There’s no one quite as hard-working in the world of indie as Bradford Cox. Over the past few years he’s been juggling main labour of love Deerhunter, releasing several demos through four volumes of the Bedroom Databank and a couple of solo records under the Atlas Sound moniker. It’s the last of these projects that he’s recently devoted time to and Parallax, his third effort on his own, shows a songwriter entering a particularly creative phase of his career.
The key to the success of this album is a combination of the songcraft and the several production tricks and ideas that is brought to the table. Take a song like Amplifiers, which is fairly straightforward in its structure, but through a few touches here and there he manages to create a slightly surreal and sinister atmosphere with synthesisers hovering around the track like ghosts. Another example of this is the title track (an out-of-control radio frequency noise floats in the background). There are numerous sounds to take in, but they all gel together brilliantly.
Some songs are a bit more stripped down; Angel Is Broken doffs its hat to country with its opening guitar riff and has a superb chorus to boot, the vocals in rather dreamy opener The Shakes may not be particularly clear but they are full of character and Mona Lisa sees Cox singing about fantasies and galaxies in the album’s catchiest three minutes. Some, on the other hand, are just plain inventive; Te Amo has an intriguing and hypnotising melody that races away against the most minimalist of beats.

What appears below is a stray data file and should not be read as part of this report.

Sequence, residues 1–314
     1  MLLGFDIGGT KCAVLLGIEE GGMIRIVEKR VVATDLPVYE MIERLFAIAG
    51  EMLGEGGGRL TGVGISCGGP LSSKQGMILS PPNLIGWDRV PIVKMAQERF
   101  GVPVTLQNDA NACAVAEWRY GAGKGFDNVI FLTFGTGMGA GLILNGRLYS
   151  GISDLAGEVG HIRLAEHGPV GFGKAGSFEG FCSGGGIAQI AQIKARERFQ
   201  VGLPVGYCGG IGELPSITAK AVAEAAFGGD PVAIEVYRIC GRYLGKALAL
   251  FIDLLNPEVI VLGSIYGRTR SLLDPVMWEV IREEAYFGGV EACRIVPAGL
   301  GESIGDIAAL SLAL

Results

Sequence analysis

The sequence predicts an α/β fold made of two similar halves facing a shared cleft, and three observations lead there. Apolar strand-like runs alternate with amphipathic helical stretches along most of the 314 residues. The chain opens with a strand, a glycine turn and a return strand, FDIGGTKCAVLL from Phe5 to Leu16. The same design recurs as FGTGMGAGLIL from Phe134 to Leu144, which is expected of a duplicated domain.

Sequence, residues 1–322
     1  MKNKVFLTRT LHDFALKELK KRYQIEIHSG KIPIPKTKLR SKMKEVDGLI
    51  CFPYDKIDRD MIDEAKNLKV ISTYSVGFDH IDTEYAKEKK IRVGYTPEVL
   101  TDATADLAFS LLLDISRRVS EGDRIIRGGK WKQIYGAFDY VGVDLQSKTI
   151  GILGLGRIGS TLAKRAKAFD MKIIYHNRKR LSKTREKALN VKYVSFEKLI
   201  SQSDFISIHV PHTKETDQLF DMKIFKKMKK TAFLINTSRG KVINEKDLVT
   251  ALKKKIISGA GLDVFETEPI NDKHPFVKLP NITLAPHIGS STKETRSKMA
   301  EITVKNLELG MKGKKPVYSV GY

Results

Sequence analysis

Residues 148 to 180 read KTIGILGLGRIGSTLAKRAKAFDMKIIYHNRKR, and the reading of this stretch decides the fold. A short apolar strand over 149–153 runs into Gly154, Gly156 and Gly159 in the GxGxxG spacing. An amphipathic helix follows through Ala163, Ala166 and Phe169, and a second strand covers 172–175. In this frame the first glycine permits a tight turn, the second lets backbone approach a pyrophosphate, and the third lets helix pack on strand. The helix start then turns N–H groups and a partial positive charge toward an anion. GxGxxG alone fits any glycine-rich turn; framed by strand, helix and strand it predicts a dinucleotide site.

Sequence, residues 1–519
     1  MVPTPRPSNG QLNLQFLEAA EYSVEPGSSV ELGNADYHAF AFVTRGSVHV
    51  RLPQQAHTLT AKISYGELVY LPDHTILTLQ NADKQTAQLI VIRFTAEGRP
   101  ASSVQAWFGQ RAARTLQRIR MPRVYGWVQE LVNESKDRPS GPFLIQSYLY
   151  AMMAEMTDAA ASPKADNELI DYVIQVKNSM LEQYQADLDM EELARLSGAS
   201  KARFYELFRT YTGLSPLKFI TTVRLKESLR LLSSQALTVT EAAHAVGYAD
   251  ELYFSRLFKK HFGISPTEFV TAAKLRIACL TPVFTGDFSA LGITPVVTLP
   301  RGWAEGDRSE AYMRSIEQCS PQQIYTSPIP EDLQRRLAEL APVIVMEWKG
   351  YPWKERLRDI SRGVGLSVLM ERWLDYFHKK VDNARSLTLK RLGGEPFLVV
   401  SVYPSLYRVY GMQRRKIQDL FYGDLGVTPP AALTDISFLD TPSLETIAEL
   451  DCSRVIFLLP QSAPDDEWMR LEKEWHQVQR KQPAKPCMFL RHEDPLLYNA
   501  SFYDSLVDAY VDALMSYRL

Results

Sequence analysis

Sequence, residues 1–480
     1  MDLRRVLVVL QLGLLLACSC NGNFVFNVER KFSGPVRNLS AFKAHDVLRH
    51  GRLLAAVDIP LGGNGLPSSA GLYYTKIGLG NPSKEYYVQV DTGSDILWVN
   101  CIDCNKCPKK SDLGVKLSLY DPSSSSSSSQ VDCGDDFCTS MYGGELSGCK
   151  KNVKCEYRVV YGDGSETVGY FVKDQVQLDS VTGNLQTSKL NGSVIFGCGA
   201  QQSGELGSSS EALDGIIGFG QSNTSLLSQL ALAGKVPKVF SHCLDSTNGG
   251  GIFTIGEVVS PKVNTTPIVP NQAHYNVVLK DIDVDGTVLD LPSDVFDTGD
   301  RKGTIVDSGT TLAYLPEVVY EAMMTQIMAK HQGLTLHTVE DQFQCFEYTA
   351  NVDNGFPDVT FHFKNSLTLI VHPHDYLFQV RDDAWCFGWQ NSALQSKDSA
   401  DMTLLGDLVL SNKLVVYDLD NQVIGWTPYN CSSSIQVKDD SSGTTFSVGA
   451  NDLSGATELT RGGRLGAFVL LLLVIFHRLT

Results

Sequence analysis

In its quieter moments the results can be even more captivating. The spacious and ambient Doldrums that talks of dark stories that no one likes to tell as his vocals matches the melody of an increasingly downtempo piano. Terra Incognita is a beautiful song that has one of the best, and maybe truthful in his case, lines on the album: “These ancient technologies strengthen my bones”. Flagstaff follows suit by starting out clear and intimate before turning into something hazier altogether.
There are a few nagging issues that prevent Parallax from being a late contender for album of 2011. Tracks like Angel Is Broken and Terra Incognita, no matter how good, do have a tendency to drag on a bit – they’d be absolutely perfect if they were edited slightly – and, after the relaxed tone of the tracks towards the end, it’s not the best time to introduce a sharp and abrupt piece of Merseybeat-esque throwback called Lightworks. There’s also Praying Man, an acoustic-led piece of filler that doesn’t really add anything of interest.
In the press notes and pre-release buzz Parallax has been labelled as a ‘science fiction’ record. Be that as it may, it’s also something better: a completely individual piece of work that can’t be pigeon-holed. This is easily the most satisfying and rewarding set of songs that Cox has written in any of his projects and it’ll be a tough ask to top it.